Idaho Transportation Department officials hope to have a better idea today whether a segment of U.S. Highway 95 south of Riggins might be open to traffic following a massive rock slide Friday that choked off Idaho’s sole north-south arterial.
Officials met with engineering experts late Monday night to assess the situation, said Megan Sausser, spokeswoman for the department. The experts examined the slope, located at milepost 188 near the Sheep Creek rest stop, to identify short-term and long-term options to stabilize the area and also to dislodge any loose material.
The department received numerous reports of loose rocks falling onto the roadway between milepost 187 and 212 days before the major rock slide happened. A dispatch log from the Idaho County Sheriff’s Office on Monday revealed seven calls to report rocks on the highway from June 29 to Friday.
Sausser said the department is “fairly confident” the earlier calls were routine in an area that typically has rocks falling from the canyon hillsides onto the road and was not a harbinger of the landslide Friday.
“Rockfall is very common in that stretch on (U.S. Highway) 95 and something they’re routinely cleaning up,” Sausser said. “But we don’t know what caused this landslide, per se, and we had questions about an earthquake. We don’t know yet, but we can’t rule it out and we can’t dismiss it.”
Jared Hopkins, operations engineer for the project, said the earlier rockfall was likely the result of a wetter-than-normal spring.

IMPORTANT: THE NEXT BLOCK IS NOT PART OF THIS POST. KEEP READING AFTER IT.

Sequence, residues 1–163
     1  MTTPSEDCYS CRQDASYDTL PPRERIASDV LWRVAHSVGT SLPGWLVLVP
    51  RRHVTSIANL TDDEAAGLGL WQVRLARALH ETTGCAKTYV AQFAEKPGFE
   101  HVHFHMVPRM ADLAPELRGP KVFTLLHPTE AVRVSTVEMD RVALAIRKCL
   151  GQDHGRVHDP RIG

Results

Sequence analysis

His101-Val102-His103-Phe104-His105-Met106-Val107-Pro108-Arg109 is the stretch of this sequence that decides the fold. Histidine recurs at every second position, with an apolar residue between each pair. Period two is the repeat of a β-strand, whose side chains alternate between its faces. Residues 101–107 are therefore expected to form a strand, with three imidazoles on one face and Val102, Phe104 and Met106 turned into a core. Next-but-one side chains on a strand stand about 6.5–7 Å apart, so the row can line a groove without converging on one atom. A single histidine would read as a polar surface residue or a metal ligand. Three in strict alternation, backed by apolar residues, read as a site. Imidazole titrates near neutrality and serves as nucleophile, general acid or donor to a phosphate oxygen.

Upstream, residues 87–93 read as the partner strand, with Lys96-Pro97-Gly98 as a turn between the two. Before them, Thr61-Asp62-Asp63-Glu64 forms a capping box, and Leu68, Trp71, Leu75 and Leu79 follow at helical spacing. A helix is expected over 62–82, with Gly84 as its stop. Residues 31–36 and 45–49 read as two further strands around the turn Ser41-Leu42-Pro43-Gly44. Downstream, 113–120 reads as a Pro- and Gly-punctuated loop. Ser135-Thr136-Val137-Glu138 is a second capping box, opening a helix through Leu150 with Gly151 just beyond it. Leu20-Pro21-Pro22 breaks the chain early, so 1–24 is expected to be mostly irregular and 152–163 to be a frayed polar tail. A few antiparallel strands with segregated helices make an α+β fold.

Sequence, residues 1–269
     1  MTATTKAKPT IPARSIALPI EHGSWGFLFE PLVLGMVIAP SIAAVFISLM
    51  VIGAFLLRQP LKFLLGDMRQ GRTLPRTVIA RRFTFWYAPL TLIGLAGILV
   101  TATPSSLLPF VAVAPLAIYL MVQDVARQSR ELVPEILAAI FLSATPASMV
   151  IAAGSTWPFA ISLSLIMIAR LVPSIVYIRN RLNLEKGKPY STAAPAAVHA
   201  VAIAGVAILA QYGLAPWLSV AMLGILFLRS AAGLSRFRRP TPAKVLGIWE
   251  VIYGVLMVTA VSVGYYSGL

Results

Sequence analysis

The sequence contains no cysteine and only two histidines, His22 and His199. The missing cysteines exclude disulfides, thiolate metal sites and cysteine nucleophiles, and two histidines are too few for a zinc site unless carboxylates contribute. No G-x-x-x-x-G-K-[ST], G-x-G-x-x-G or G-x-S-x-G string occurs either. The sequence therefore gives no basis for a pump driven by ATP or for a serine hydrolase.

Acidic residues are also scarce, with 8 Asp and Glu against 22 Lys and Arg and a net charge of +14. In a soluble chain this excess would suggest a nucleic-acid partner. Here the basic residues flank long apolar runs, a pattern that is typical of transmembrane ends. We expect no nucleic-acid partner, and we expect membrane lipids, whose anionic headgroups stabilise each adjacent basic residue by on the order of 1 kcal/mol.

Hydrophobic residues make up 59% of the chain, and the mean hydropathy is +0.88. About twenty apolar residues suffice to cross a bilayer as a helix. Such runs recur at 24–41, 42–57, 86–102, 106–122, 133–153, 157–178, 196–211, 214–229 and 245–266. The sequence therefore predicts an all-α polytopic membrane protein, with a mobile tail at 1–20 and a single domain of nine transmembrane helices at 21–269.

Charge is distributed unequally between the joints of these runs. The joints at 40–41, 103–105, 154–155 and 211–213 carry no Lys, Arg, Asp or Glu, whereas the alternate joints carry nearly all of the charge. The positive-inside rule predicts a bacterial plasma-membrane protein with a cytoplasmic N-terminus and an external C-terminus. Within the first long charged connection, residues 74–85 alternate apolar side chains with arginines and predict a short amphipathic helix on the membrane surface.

“It was maybe a little bit above average for the amount of rockfall,” Hopkins said. “That activity is not terribly uncommon. It’s expected to get a little rockfall along that corridor.”
Hopkins said the wet spring also likely had an effect on triggering the major rockfall Friday.
“We don’t know for sure but I’m certain that played into it,” he said.
Road crews finished constructing a temporary road around the slide and placed barriers to protect future traffic from rockfall, according to a news release from the transportation department Monday.
When survey results and on-slope evaluations show that the slide is stable, the department will consider opening the highway for short periods of time. In the meantime, the Old Pollock Road that parallels the highway on the west side of the Little Salmon River is being considered for repairs to allow a locals-only detour.
That road has been closed for more than a year following a slough of the pavement opposite the Sheep Creek rest stop. Idaho County Commission Chairman Skip Brandt said the county has been unable to make the repairs because the estimated cost is about $1.5 million.
The Pollock Road “is a county road,” Sausser said. “They are the owners and responsible for maintaining it. ITD is looking into helping the county improve it for locals only but that route would not be capable of carrying the type of traffic,” that goes along Highway 95.
Kathy Hedberg may be contacted at firstname.lastname@example.org or (208) 983-2326.